Archive for the ‘ Mystery ’ Category

The Orphanage (2007) (El Orfanato)

“El Orfanato” is a film debut of Spanish film director Juan Antonio Bayona. The film was produced by his good friend Guillermo del Toro. “The Orphanage” has some similarity with Guillermo del Toro’s “Pan’s Labyrinth”, but it has more elements of horror.

The film grips from the start and keeps viewers tense till the end. The scenes are well-paced and each scene makes viewers to expect something bad. Three things that make a great film are all present in “The Orphanage”. The director has done a marvelous job. The performances, especially Belén Rueda’s acting, are excellent. But more importantly, the story itself is great and incredible. The story makes film not just a horror film, but, sad and heartbreaking story of mother. It takes place in Spain.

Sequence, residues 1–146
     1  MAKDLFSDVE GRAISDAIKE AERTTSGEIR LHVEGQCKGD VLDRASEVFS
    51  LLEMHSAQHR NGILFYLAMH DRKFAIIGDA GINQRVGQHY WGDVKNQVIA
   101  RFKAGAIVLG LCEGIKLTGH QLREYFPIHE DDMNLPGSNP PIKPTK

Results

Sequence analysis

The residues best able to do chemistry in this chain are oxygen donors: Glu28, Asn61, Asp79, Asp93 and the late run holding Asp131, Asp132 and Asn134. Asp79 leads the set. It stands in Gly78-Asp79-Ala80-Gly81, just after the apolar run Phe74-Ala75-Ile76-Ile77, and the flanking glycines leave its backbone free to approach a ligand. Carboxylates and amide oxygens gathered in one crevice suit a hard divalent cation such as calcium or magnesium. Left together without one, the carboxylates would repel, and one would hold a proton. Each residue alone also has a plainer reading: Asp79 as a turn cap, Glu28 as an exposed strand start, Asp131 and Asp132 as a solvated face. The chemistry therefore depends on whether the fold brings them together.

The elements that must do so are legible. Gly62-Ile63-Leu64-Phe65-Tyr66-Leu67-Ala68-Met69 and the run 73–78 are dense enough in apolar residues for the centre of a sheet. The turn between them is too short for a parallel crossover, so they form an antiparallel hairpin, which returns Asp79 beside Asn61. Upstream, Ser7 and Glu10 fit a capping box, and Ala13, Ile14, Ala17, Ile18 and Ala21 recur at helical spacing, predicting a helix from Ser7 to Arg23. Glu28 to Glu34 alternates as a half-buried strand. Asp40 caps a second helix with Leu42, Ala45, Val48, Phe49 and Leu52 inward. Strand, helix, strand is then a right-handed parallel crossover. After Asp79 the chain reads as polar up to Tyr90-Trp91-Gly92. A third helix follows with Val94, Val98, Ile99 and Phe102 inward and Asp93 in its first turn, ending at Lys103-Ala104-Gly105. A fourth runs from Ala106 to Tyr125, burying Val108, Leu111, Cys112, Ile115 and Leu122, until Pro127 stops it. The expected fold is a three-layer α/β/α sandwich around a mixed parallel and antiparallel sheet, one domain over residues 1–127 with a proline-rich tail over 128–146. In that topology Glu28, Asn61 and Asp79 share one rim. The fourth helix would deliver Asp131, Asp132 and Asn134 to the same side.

Laura (Belén Rueda) and her husband Carlos (Fernando Cayo) together with their seven-year-old adopted son, Simon move to the house of her childhood – orphanage, where she lived until her adoption. She wants to reopen orphanage for disabled children. But soon we find out that this is not an ordinary house.

Everything that makes a perfect horror house is present in this film; ghosts of children, cracking floors and doors and other strange noises. The combination of these stuff and other clever directorial maneuvers build the tension up throughout the film. I do not want to tell more about the film, because it is better to watch it without any idea what will happen to the characters.

I enjoyed “The Orphanage” very much and it left a lasting impression on me. You will definitely enjoy this film, but if you do not like horror films, then it is not for you. It is better watch something else.